late, but it is time.
-Herbert H. Cheston

1948 platform on the law books. I don't mean
part of it--I mean all of it."
Truman seemed most emphatic about en-
acting the fair employment practices bill
and other parts of the civil-rights program.
Speaker Rayburn and House majority leader
McCormack predicted the House would act
quickly and favorably on FEPC. However,
Senate leader Scott Lucas, wearing his per-
ennial look of a man with his finger in a
mousetrap, dourly replied the odds were
against Senate passage.
"Well, I am not afraid of a filibuster," de-
clared Truman. "If we must go down fight-
ing, let's have it that way. We have got to
keep our promises to the people. They will
be the best judge of who is right in the next
The President made one indirect con-
cession, however, to election-year politics.
He did not emphasize a substantial boost
in taxes. Instead, he listened silently while
leaders explained it would be well-nigh
impossible to get a bill raising individual
income taxes through Congress this year.
He also criticized the "hysteria" of big
business for repealing wartime excise taxes
on communications, transportation, luxur-
ies, theatre admissions, etc. If excises are re-
pealed, he insisted, there must be an off-
setting increase in corporation income taxes.
HERE ARE some facts that Sen. Joseph
O'Mahoney of Wyoming, chairman of
the Joint Committee on the Economic Re-
port, is likely to find during his probe of the
steel industry.
In all the uproar over prices and wages,
little has been said about the high cost of
For instance, General Motors' 57 top off -
cers and directors were paid $3,048,000 in
salaries in 1948. But that was just the be-
ginning. They also drew $5,445,000 in cash
bonuses and 22,930 shares of stock as addi-
tional bonuses. Finally, the company paid
$275,000 into a retirement fund for the same
57 executives-all of which was added to the
price of GM automobiles.
Another industry that has been blaming
labor for high prices is the building industry.
Yet the labor cost for a modern, $12,000
home amounts to only $2,000 to $2,500. The
cost of materials runs from $2,750 to $4,000,
with another $1,000 for the average price of
a lot, leaving a minimum of $4,500 to cover
taxes, insurance and management. Thus the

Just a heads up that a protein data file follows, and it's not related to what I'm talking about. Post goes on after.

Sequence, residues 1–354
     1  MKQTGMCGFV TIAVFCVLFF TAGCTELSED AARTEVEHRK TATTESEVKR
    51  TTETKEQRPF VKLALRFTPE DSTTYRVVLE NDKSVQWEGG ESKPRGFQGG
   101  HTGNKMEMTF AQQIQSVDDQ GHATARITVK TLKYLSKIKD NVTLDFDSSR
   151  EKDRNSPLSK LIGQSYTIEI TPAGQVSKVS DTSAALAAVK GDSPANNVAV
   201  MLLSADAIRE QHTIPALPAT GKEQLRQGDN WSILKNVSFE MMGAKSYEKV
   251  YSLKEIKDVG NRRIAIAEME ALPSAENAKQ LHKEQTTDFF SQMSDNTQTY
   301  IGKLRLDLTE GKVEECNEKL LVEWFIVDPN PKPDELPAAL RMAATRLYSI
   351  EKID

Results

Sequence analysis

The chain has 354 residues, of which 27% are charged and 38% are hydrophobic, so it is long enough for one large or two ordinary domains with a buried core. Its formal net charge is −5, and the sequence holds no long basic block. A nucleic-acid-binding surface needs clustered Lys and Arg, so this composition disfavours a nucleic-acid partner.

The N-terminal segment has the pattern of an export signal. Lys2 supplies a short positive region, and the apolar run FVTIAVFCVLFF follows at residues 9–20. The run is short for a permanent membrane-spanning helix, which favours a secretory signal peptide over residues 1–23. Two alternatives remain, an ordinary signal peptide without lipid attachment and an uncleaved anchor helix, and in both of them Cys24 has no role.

biggest slice goes to management and pro-
While the big steel companies put up
a terrific battle against contributing to-
ward pensions for steelworkers, these same
companies were setting aside large sums
for pensions for steel executives. U.S. Steel
finances a $50,000-per-year pension for
each of its three top executives - Olds,
Voorhees and Fairless - which does not
include an additional $13,000 a year for
Olds, toward which he puts up $4 for ev-
ery $7 by the company. Voorhees will also
collect an additional $20,000 each year af-
ter he retires, while Fairless will draw
$26,000 on top of his regular $50,000
though he puts up only $6 for the com-
pany's $10..
In the case of Bethlehem Steel, A. B. Hor-
ner, its president, will be able to retire in
1961 at the age of 65 on a pension of $110,000
per year. Furthermore, he won't have to
contribute a penny toward this fund. Yet
'in 1948, his working salary was $263,000.
These are the same steel companies that
just boosted prices because of $100-a-month
pensions for labor. Senator O'Mahoney may
find that the high cost of management 'also
had something to do with high prices',
(Copyright, 1949, by the Bell Syndicate, Inc.)
At The Orpheum. . .

EIGHTH: Charles Laughton and five of
the harried wives.
BEYOND THE dubious necessity for ex-
ploiting the bad manners and marital
friskiness of one of England's more renowned
kings, there is little excuse for this movie.
Once Anne Boleyn gets the axe and King
Henry belches for the first of many times,
there appears to be no reason for continuing.
Henry's private life proves to be a dread-
fully slow and dull affair in spite of his
checquered night-life. I question whether
he could have gotten a wife by any means
short of a royal command with the quali-
ty of his conversational wit as portrayed
here. Throughout the movie the dialogue
is maintained at a childishly elementary
level. Everyone, including the astute Mr.
Cromwell, seems to have mastered all
the better monosyllabic words for the oc-
It would take more than the brilliant
lavish setting to compensate for the general
dirth of either clever or intriguing subject
matter. The procession of wives occurs with
a certain slavish necessity that would, I'm
sure, have bored old Henry into his grave.
Thrown in for plot stuffing are a couple of
flfl , o','it~rc xy, ncon nhinn'f'c of anffnnulcv



The Daily welcomes communications from its readers on matters of
general interest, and will publish all letters which are signed by the writer
and in good taste. Letters exceeding 300 words in length, defamatory or
libelous letters, and letters which for any reason are not in good taste will
be condensed, edited, or withheld from publication at the discretion of the

Security .
To the Editor:
Please, PLEASE, don't leave
J a m e s Gregory's editorial
(January 5) buried in The Daily!
Send a copy of it to Harry S. Tru-
man and every member of Con-
gress! The only genuine security
any man ever had, or ever will
have, is what he makes with his